Behavior modification was our forte. We commanded the mobile neighbors to do our bidding in the annihilation of our pretender plant species. Plants would not easily yield to our forceful persuasions so we were left with the four-footed and six-legged creatures that came to derive sustenance from us. From the ants to the elephants, we ruled their minds and made them think they were in control whereas they were not. When our spores penetrated the heads of the ants, they would feel the sudden need for shade, hobbling over to the nearest leafy enemy to take shelter while our spores overloaded their miniscule imaginations with hallucinatory images of endless rivers of sugar and honey. They happily died with their mandibles securely fastened in a death grip on the undersides of the leaves of our competitors. Even the windstorm would not knock them off this vice-like hold. When our spores matured, the rich nutrients of the ant carcass would be ample food, until we could exert direct parasitic influence on those dregs of plant society known as the Leaf.
 
The boastful thoughts of our domination were necessary for our morale and the clear thinking needed to surmount our present challenge. So we continued to reminisce, turning our collective consciousness to the largest moving land animals – The Elephants. The introduction of a few tannins into their diet converted them to the most loyal of subjects. So gullible were these beasts! They immediately obeyed our instructions to push down the tall trees providing shade for our leafy pretenders to high plant society. The high dehydration rate resulting from exposure to the Sun meant only the true plants would survive, ensuring perpetuation of the Order of the Grass without competition from the Leaf. Did the elephants realize they could cool themselves under the shade of the very trees they pushed down? No! They believed what we told them and threw dust and clods of earth over their backs instead, helping propagate our spores while imagining they were cooling themselves. Yes, when the Grass fought, the elephants suffered.
 
But for the present trial we would need to hunt fairer game. The Buffalo came by in their search for food. Would they be able to serve a purpose superior to what we had commanded from others? One particular member of their species appeared restless and eager to be leader. His surefootedness did not subtract from our open disgust at his ignorant quest for competition. When would these walking creatures, one and all, realize that world domination would only be achieved by the species that most demonstrated its unity of mind and purpose sans competition?! Surefoot had engaged the head of his buffalo clan, Widowmaker, in a fight almost to the death over a fair cow-buffalo who showed no signs of caring about the outcome. The fight was brief. The Widowmaker retained his position as head of the flock, while banishment was decreed for Surefoot with no possibility of return or parole. Who made these barbaric rules?!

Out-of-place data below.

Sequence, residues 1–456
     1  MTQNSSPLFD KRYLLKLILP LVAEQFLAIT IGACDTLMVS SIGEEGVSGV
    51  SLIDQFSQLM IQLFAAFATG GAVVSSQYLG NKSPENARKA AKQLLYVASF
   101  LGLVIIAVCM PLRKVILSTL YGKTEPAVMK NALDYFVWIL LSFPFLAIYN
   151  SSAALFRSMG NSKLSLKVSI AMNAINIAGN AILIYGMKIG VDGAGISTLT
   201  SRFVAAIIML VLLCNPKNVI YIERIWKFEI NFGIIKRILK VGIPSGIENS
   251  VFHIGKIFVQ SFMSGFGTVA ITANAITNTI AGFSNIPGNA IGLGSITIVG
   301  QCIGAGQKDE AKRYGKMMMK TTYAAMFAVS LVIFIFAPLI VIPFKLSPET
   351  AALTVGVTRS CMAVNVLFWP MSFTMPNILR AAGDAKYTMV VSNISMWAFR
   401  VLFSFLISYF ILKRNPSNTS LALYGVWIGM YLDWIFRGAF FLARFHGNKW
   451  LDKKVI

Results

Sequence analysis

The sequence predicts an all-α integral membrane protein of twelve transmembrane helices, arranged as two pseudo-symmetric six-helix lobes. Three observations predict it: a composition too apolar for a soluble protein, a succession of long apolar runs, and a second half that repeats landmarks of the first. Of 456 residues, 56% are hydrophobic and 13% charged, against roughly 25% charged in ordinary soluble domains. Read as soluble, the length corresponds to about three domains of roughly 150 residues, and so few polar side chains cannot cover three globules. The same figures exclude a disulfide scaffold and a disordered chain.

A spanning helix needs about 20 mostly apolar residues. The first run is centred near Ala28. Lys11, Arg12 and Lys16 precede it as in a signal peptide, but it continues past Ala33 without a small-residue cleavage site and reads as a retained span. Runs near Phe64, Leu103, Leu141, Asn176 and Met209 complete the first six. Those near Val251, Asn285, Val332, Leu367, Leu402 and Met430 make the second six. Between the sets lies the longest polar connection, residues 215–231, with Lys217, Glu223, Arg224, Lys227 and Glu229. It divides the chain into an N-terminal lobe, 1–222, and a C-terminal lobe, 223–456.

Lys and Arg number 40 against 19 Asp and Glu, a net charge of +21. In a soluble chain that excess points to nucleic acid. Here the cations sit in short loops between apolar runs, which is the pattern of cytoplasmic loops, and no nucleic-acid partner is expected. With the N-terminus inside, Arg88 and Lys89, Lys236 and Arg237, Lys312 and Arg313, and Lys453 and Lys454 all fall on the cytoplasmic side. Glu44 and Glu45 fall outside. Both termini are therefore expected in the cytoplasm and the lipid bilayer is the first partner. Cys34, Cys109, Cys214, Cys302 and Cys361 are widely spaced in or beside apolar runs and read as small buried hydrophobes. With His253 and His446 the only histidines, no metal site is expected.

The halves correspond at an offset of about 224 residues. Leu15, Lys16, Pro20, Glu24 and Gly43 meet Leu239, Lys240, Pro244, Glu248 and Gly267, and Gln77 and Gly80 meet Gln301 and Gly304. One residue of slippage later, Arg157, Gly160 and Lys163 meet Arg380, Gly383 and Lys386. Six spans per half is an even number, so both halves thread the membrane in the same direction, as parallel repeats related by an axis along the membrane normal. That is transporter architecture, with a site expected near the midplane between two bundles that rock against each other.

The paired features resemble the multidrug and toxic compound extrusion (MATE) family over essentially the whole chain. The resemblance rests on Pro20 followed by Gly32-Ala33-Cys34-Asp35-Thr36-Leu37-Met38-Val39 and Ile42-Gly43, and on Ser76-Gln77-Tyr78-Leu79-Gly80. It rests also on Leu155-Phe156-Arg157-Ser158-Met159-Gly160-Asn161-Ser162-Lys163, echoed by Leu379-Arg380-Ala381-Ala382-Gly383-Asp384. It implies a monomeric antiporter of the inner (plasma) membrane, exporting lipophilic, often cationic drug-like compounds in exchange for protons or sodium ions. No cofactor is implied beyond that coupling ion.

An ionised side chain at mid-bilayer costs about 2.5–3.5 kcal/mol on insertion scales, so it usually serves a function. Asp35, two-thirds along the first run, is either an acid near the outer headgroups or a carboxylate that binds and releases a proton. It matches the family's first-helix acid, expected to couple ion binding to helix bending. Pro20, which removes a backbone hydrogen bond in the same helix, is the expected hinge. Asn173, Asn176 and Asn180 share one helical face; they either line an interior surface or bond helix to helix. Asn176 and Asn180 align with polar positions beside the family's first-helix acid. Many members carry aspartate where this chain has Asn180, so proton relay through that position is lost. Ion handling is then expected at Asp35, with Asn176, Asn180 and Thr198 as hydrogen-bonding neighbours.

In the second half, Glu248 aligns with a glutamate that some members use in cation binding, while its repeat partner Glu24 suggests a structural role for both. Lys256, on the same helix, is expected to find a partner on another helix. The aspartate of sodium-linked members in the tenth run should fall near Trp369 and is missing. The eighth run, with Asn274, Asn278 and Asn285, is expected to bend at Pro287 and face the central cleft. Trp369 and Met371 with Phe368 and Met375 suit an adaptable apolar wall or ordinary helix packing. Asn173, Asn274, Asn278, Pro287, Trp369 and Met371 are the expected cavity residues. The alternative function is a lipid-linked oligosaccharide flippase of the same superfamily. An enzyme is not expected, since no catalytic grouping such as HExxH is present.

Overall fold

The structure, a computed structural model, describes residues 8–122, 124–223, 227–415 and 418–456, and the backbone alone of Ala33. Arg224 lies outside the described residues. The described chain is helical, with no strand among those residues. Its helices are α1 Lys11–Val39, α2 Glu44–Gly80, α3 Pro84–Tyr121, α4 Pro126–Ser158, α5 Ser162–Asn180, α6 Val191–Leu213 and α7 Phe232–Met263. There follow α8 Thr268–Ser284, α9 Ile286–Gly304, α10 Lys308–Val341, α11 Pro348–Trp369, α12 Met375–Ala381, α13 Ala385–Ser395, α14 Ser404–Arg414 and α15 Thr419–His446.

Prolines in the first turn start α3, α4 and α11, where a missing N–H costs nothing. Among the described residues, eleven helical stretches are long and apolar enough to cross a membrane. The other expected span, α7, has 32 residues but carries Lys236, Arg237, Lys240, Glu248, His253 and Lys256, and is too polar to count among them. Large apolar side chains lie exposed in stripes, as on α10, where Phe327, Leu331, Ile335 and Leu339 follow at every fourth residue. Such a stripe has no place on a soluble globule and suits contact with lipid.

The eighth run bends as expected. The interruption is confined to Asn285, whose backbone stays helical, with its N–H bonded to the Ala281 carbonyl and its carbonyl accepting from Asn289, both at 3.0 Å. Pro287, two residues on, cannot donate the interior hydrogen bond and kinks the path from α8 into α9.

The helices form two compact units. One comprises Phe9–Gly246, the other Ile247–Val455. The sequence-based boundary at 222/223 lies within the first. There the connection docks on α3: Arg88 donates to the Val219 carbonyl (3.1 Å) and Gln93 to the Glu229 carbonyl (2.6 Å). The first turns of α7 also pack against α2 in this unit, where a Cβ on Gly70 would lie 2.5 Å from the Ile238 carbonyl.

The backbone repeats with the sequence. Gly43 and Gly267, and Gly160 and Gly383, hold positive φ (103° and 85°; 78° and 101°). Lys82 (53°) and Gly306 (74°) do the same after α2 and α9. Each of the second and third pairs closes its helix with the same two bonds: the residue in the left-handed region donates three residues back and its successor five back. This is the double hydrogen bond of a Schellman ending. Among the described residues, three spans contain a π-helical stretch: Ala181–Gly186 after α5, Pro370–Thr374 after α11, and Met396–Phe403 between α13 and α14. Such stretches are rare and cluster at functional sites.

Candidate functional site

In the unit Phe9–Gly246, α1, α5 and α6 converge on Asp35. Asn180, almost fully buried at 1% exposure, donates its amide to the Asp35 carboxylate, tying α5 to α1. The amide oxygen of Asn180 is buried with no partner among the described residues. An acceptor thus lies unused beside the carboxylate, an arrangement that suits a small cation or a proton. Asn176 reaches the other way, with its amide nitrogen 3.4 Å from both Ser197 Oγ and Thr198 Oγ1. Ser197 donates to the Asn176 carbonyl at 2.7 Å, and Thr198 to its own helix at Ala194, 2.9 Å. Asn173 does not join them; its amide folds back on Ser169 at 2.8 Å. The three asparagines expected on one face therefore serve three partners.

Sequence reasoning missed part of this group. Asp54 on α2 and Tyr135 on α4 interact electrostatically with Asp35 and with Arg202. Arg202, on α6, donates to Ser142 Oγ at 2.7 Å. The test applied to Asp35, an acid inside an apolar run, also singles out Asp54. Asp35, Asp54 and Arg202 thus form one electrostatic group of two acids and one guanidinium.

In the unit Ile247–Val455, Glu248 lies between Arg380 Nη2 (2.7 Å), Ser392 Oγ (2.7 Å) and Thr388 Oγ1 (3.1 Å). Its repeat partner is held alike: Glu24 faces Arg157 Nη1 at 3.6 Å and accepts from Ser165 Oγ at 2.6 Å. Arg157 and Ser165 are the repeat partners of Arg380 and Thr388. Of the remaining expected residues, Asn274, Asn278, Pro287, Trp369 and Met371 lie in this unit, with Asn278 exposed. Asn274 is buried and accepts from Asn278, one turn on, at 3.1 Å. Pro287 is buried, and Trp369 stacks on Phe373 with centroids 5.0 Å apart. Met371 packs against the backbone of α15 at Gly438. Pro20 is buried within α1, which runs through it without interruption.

We watched the spectacle of the wandering young bull with interest, sensing that Mother Nature was about to slip us a message through this unfolding scene. Somehow we could not see Surefoot fitting into any of our plans as yet. But we noticed some new actors on our stage. We had not seen their kind before. They walked on two legs and made sounds like the clap of thunder, sounds at which birds took to flight and herds of buffalo and giraffes turned to flee. Even the elephants tacitly acknowledged their power. So these were the humans we had heard so many stories of, the very same humans whose cultivation and settlement activities had brought the LongStems of the Great American Prairie to naught. They appeared arrogant, irreverent, and aware of their surroundings. They walked as though they owned the whole world. We could not see any physical signs that these weak creatures were the perpetrators of all the heinous deeds that had been ascribed to them by the silent whispers and rumors borne by the wind to our collective ears. Apparently, they ruled the world by some superior intelligence and their flagrant disregard for nature.